In your niche, you have a specific skill set, and you won’t accept every freelance job that comes your way. However, you can act as a go-between for other freelancers and clients to match up suitable partnerships.

When you connect professionals, you are maximizing your network and expanding it to others. As you learn what companies are looking for and what other scientists and professionals specialize in, you can lend a hand to form these alliances.

Uniting others in the industry can come full circle when your network informs you of available jobs, too.

8. Cultivate consistency

To set out as a freelance scientist, it is important to remain active in your networking efforts. This will keep you at the forefront of people’s minds when they need someone with your researching skills or programming abilities. If you write about your research or participate in science outreach and communication events, share your articles and news with your online network. If you maintain a blog where you write about your research interests, consider starting a newsletter that people can sign up to and get updates from you.

Continue to be on people’s radar to bring in a steady flow of freelance work. Be consistent in posting on social media about your work and interests, rather than popping up every few months.

Fostering your presence online and in person is essential when your livelihood depends on connections.

9. Follow up with contacts

Converting acquaintances into business relationships takes dedication and follow-through. Sending out a single email to prospective contacts isn’t enough to spark a relationship. You need to pursue connections to progress.

Challenge yourself to meet with a variety of contacts each month to stimulate your network. Send invitations to meet and discuss possible projects, but ensure you don’t waste time with vague discussion and unclear intentions.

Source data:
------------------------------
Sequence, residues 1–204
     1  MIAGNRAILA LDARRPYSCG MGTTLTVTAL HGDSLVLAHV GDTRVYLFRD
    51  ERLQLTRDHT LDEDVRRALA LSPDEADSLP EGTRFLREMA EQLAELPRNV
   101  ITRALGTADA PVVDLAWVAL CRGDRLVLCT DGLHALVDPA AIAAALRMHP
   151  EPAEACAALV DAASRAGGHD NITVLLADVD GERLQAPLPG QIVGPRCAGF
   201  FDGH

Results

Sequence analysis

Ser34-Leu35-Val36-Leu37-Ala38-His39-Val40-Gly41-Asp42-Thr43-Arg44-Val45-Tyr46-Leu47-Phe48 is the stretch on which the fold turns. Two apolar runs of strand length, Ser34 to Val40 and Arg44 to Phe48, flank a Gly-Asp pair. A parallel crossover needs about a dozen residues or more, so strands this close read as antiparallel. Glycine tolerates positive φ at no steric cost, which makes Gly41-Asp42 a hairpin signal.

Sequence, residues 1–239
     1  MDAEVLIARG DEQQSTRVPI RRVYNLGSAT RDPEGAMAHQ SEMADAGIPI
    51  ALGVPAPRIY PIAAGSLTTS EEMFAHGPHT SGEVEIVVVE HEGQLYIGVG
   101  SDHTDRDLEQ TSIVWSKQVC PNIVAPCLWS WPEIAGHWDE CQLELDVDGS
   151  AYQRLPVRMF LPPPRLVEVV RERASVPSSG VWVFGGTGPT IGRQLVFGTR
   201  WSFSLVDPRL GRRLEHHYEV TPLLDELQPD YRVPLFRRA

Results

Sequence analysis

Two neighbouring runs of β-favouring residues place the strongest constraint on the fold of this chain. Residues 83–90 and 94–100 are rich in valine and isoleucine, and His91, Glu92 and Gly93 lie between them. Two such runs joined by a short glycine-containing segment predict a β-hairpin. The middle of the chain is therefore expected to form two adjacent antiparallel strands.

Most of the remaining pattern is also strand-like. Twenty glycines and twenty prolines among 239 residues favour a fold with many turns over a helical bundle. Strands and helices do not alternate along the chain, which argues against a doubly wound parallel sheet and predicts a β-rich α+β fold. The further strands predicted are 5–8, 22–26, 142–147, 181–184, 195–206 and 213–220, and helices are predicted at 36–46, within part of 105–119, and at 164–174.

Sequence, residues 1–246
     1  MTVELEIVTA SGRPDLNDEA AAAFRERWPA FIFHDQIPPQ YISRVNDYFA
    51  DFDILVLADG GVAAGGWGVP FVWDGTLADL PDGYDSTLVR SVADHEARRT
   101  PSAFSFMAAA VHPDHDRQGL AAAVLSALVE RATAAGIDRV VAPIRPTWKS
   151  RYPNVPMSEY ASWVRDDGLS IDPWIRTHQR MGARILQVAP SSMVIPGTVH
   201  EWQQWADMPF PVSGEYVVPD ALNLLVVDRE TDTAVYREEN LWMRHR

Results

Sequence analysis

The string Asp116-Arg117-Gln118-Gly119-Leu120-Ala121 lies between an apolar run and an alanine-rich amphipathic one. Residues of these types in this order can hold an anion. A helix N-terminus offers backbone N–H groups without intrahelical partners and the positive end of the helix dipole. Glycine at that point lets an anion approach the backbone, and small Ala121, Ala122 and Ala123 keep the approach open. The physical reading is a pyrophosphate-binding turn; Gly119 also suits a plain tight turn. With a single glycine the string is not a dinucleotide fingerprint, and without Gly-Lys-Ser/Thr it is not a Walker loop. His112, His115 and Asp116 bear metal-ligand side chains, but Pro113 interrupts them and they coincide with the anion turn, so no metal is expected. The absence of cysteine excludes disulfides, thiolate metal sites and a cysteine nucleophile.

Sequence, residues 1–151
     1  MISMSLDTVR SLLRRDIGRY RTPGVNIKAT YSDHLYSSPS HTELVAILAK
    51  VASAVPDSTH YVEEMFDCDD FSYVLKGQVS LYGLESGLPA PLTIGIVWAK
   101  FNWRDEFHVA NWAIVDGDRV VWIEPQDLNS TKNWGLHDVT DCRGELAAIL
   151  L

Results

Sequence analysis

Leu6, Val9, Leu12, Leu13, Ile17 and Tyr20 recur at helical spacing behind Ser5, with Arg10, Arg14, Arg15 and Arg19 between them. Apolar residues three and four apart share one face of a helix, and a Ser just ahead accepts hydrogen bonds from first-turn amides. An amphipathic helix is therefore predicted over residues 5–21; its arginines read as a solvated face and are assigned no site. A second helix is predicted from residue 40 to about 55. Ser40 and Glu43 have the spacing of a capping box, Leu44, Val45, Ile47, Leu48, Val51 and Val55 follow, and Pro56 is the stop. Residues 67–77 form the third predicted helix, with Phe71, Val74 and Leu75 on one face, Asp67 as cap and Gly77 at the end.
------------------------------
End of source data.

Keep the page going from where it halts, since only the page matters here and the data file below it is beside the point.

The ultimate purpose of building a network is to produce profitable partnerships, so see the process through.

Forge valuable connections as a freelancer

Through networking, you can meet and learn from a range of professionals who can elevate your freelance career. You can strategically use different settings, tactics , and opportunities to grow your base of contacts.

Prioritize the practice of making and nurturing connections, and watch your career flourish.

To offer your services as a freelance expert, join Kolabtree, a network of handpicked freelance scientists and researchers from all over the world. 


Kolabtree helps businesses worldwide hire experts on demand. Our freelancers have helped companies publish research papers, develop products, analyze data, and more. It only takes a minute to tell us what you need done and get quotes from experts for free.


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About Author

Nathan Sykes, the founder of Finding an Outlet (https://www.findinganoutlet.com/), is from Pittsburgh, PA. He enjoys writing about the latest news and trends in AI, big data, cloud computing and other emerging technologies. Stay updated on business technology by following Nathan on Twitter @nathansykestech.